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March 01, 2005



No one else is commenting, so I might as well.=) I'm not so sure that you should give the scientific community such benefit of the doubt when it comes to seeking the truth. It seems like they are willing to employ rigorous scientific processes in all kinds of things except for the examination of the theory of evolution. I generally do not peruse scientific jourals (okay, never), but what I do read on the theory of evolution leaves me wondering whether the conclusion was reached before the evidence examined. Recently, an ID scientist named Stephen Breyer actually published a peer-reviewed journal artical questioning evolution and positing Intelligent Design. The article was the first of its kind to appear in a peer-reviewed journal, and, from what I know, peer-review is the gold stamp of approval in the scientific community. The response? Complete outrage in the scientific community. As for the editor who approved the publishing of the article, I've read that he is being black-balled by his colleagues at the Smithsonian--and I'm not sure that he is even a professing Christian. My only point in mentioning this is to question whether the scientific community is truly objective when it comes to theories of origin. If it is, why is there such a vitriolic reaction to such an article as Stephen Breyer's? Why such a refusal to take it seriously even for a moment? I would say it because this is a "faith-based" issue for scientists. The theory of evolution is an unassailable presupposition for most scientists, but I'm not sure this is due to air-tight scientific evidence that points to evolution.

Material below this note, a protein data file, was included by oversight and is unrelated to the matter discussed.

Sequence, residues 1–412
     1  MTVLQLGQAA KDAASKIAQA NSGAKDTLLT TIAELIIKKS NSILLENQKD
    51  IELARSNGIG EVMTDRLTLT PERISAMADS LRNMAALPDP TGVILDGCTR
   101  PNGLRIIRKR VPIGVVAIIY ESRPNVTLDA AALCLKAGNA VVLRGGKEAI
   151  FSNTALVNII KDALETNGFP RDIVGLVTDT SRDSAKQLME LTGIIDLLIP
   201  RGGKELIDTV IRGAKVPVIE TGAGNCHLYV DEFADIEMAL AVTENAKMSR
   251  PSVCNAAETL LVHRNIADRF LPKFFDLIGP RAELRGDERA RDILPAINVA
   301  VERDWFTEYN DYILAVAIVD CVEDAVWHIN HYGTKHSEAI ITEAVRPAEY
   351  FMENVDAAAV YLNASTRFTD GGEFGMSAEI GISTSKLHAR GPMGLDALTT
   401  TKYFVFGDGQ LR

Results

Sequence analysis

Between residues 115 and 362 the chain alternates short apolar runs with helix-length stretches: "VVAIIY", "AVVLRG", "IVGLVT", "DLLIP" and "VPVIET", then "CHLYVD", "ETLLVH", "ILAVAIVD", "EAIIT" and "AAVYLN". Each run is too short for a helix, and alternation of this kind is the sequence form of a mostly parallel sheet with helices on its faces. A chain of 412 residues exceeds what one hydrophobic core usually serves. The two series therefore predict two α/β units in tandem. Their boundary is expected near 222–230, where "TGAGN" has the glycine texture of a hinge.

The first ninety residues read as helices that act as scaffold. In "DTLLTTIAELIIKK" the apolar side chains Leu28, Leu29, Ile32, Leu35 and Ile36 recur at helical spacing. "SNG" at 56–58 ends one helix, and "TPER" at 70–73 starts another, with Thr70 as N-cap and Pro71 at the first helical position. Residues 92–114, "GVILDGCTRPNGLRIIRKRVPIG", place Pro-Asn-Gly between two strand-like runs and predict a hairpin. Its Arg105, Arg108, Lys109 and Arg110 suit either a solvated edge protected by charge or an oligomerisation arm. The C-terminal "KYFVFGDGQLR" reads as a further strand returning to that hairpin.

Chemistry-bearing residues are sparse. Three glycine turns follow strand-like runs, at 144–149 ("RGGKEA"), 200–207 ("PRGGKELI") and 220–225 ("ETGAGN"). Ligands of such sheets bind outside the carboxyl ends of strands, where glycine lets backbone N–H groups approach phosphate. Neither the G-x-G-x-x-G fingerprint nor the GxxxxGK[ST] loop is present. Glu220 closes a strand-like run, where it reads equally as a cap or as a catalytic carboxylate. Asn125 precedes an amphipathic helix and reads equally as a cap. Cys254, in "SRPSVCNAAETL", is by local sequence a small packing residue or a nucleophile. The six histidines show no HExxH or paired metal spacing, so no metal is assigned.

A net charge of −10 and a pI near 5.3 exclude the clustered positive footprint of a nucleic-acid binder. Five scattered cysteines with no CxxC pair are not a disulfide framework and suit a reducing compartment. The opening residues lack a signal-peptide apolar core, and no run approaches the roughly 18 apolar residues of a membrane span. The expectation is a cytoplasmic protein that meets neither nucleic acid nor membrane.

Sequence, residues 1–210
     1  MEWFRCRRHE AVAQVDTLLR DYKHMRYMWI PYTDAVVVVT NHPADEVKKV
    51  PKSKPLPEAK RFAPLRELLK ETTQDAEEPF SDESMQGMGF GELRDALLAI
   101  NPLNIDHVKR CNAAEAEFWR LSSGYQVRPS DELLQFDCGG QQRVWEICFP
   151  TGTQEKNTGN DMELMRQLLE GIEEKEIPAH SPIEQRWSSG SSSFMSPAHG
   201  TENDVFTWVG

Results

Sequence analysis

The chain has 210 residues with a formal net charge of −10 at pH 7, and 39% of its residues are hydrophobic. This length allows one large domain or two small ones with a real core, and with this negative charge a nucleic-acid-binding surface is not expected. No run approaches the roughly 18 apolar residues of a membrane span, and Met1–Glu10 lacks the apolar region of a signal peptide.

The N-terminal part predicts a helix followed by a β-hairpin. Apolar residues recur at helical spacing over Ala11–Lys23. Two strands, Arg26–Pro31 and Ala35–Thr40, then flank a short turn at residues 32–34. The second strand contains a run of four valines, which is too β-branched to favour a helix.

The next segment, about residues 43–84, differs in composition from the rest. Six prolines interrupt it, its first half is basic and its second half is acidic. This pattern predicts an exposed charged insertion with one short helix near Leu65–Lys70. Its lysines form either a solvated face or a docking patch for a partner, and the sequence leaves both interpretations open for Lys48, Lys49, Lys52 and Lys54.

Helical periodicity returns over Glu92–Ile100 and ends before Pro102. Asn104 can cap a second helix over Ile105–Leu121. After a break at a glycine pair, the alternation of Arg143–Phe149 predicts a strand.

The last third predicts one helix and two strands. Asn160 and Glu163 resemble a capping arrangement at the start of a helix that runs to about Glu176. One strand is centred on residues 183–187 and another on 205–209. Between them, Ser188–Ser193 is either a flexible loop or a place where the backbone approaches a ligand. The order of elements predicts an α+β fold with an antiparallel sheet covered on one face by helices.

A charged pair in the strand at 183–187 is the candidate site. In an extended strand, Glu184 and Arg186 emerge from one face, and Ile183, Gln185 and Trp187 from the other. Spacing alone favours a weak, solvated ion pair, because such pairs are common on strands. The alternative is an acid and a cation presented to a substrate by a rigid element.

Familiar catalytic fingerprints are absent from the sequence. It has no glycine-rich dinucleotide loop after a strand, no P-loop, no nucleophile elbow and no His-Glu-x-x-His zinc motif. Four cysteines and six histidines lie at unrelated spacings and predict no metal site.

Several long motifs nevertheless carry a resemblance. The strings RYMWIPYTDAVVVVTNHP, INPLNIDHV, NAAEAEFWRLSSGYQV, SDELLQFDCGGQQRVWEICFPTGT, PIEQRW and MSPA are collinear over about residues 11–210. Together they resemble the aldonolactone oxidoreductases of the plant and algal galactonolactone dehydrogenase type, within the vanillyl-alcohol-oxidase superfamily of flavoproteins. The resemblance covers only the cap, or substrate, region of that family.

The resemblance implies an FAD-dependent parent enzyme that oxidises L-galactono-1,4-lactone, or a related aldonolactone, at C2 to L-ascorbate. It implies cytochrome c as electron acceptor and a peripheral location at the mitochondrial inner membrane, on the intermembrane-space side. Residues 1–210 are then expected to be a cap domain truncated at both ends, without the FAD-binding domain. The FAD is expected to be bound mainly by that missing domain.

Then, on the other hand, you have scientists with faith in Christ, who treasure the Bible and think that evolution is the best explanation.

I'm not saying intelligent design doesn't have its potential place. And I'm not condoning those scientists who refuse to be objective. I'm saying we have to be careful about who we vilify, particularly if they are Christians.


Point taken. Christians should always be charitable, even toward those whom they oppose.
However, I think it is also important to note where Darwinian evolution came from (i.e. Darwin himself). Granted, there have been a number of revisions of his theories since 1859, but the record is pretty clear that Charles Darwin was not ambivalent about Christian doctrine. Culturally, he was a "Christian" because, in that era, his career would have been finished had he publically repudiated Christianity. But I think he had a personal stake in establing a theory that ran contrary to concept of a God-created universe (yes, I realize that some Christians propose that God employed the process of evolution to create the earth).

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